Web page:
Gluten is a protein that is found in wheat, rye, barley and oats. For people who have Coeliac Disease, the immune system reacts negatively to the gluten protein. This immune response in the small bowel causes the villi (small finger-like projections that increase our ability to absorb nutrients) to become flattened and inflamed. As a result, individuals are at risk of gastrointestinal symptoms such as pain, diarrhoea and nausea, nutritional deficiencies due to malabsorption and some cancers due to the chronic inflammation.

Although there is a strong genetic link to developing Coeliac Disease, it can affect anyone at any age.

Common symptoms of undiagnosed Coeliac Disease include:
gastrointestinal symptoms (diarrhoea, constipation, nausea, bloating and abdominal pain),
fatigue, weakness and lethargy,
iron deficiency anaemia and/or other vitamin and mineral deficiencies,
unintentional weight loss and/or
altered mental alertness and irritability.

If you suspect that you, or someone you know may have Coeliac Disease, it is important to get tested. There are three steps to diagnose Coeliac Disease:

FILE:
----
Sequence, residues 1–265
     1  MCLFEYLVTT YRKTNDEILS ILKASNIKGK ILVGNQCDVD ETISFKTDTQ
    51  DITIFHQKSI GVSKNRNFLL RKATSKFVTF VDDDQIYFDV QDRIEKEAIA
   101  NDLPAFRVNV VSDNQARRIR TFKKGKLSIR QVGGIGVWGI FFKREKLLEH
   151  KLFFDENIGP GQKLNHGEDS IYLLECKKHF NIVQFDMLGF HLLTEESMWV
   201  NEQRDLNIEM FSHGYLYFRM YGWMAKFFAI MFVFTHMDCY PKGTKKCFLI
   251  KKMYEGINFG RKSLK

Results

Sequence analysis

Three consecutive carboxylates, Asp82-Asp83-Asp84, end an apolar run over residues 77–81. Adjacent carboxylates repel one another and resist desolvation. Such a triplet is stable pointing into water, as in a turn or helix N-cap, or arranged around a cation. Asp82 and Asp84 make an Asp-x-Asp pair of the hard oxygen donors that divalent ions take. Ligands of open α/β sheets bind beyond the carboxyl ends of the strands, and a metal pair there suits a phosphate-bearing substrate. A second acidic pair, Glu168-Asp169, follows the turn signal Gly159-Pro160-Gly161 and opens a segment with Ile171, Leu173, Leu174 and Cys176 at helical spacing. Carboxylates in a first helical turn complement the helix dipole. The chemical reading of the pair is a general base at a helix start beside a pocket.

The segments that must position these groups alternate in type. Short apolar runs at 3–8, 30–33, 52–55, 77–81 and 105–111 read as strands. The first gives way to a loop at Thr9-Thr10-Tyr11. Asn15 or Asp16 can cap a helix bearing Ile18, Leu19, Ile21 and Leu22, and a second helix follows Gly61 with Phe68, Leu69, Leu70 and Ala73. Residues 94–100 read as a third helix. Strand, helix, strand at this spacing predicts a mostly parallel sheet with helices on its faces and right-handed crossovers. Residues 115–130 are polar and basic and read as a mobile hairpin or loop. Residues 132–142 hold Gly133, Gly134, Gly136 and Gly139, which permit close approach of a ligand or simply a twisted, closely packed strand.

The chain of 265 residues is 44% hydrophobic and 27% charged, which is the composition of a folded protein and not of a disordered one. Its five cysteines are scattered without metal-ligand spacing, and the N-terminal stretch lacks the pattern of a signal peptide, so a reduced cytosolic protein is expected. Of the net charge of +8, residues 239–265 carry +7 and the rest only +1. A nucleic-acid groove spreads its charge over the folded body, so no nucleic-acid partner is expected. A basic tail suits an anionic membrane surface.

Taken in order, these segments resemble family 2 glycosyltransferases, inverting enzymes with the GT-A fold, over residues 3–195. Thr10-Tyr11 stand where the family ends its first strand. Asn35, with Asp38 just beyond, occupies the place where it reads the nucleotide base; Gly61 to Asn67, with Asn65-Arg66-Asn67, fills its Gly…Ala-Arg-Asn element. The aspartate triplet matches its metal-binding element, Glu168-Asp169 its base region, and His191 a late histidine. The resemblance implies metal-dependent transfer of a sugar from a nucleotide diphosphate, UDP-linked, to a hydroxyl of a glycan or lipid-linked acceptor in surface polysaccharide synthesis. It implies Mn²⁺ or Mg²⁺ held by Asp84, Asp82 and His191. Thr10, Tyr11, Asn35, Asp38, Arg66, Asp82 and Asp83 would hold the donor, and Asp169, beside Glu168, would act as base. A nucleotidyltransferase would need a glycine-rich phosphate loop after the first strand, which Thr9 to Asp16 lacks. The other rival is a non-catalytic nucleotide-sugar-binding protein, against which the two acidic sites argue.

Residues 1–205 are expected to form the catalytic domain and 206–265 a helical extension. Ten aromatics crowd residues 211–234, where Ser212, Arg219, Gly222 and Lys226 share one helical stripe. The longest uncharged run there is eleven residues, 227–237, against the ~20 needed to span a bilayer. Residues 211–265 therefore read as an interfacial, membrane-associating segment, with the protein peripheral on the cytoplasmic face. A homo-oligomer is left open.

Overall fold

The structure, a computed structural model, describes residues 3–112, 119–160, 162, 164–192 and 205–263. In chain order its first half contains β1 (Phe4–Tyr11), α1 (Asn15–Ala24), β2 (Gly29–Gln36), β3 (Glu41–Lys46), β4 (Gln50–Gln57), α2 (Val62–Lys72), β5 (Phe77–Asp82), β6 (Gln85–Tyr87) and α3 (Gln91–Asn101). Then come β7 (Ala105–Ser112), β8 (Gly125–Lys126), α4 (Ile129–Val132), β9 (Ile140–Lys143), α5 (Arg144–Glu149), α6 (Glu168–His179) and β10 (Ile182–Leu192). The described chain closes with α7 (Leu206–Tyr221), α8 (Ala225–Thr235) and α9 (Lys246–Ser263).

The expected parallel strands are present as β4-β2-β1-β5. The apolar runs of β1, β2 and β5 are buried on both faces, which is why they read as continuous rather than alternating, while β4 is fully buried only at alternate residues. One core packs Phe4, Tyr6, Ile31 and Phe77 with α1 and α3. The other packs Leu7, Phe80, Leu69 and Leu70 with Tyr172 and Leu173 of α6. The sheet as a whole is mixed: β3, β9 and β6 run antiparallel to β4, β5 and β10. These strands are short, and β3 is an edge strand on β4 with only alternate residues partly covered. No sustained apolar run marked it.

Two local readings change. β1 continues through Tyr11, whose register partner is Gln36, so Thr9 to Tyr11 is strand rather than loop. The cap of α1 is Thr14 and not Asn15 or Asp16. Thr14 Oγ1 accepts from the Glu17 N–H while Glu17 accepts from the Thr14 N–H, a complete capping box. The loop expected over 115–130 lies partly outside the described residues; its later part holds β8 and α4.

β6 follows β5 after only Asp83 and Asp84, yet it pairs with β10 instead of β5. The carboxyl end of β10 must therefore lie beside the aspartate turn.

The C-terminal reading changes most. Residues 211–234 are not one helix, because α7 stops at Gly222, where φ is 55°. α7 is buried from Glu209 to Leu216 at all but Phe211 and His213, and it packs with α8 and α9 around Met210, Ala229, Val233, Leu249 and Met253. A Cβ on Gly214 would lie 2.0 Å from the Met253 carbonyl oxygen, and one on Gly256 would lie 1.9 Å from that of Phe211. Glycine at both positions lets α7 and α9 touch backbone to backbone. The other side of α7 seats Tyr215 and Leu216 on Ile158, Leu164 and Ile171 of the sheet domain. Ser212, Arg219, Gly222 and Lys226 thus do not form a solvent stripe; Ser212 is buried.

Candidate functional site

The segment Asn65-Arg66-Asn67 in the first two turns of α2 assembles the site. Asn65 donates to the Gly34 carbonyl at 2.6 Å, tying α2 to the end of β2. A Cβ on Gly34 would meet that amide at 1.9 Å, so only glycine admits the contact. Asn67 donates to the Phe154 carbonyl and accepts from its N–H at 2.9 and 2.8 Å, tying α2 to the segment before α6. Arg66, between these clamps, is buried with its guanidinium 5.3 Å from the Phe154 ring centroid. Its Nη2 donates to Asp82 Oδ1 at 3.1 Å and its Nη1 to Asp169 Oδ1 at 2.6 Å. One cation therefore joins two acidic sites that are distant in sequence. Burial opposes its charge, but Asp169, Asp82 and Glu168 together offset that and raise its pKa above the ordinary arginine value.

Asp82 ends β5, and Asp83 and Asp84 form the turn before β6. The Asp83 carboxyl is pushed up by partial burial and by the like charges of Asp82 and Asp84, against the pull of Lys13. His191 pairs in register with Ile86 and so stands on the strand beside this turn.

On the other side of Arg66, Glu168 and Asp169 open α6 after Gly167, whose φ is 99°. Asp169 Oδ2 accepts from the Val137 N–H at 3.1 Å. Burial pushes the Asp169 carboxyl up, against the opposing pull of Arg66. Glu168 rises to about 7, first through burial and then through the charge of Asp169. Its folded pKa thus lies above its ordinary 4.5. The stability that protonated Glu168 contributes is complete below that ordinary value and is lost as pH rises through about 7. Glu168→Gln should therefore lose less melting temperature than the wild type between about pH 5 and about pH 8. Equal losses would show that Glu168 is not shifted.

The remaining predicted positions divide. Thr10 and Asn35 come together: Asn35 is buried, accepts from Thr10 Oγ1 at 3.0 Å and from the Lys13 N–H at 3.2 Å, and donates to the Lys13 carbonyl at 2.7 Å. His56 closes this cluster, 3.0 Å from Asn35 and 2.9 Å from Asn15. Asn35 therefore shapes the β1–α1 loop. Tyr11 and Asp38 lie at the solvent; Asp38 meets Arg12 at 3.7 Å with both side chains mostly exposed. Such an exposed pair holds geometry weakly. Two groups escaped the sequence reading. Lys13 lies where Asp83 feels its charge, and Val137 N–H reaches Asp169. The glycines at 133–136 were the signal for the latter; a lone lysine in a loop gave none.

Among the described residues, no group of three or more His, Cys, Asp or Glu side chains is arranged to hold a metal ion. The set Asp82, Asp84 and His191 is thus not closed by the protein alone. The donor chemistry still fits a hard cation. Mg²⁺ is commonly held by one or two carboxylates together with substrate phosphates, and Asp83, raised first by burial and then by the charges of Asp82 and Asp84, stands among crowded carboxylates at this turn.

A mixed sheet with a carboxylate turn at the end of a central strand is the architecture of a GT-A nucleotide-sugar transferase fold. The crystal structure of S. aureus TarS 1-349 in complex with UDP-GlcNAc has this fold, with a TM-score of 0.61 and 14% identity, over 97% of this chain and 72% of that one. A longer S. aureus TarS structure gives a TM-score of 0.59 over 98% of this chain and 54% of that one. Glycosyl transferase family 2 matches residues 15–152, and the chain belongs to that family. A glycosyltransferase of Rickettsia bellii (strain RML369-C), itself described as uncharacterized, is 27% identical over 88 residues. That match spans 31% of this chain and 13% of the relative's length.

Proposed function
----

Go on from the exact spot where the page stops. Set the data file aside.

1) A gluten- containing diet. It is important that gluten remains in the diet to ensure the accuracy of the result. (If you self-diagnose and exclude gluten from your diet there is a risk of getting a false negative reading when you go for the actual testing!) If you have adopted a gluten-free diet, you must re-incorporate a normal diet for at least 6 weeks prior to the test.

2) A blood test. A coeliac serology will be taken to test for antibody levels in the blood. These antibodies are indicative of the body’s reaction to gluten and are typically elevated in people with untreated coeliac disease. A definitive diagnosis should not be made on a positive result alone to rule out a false positive blood test reading.

3) A biopsy. Finally, a biopsy of the small bowel is needed to confirm the diagnosis of Coeliac Disease. The biopsy will be able to demonstrate the typical small bowel changes of Coeliac Disease such as villi flattening and inflammation.

There is no cure for Coeliac Disease so it is imperative that once diagnosed, individuals follow a life-long strict gluten-free diet.

Your Dietitian can help you:
Understand the condition
Teach you to read food labels to identify gluten-containing products
Teach you to tailor your favourite recipes so they are safe for you to consume
Advise of supplementation regimens to correct nutritional deficiencies
Analyse your diet to ensure that you can maintain a nutritious and balanced gluten-free diet.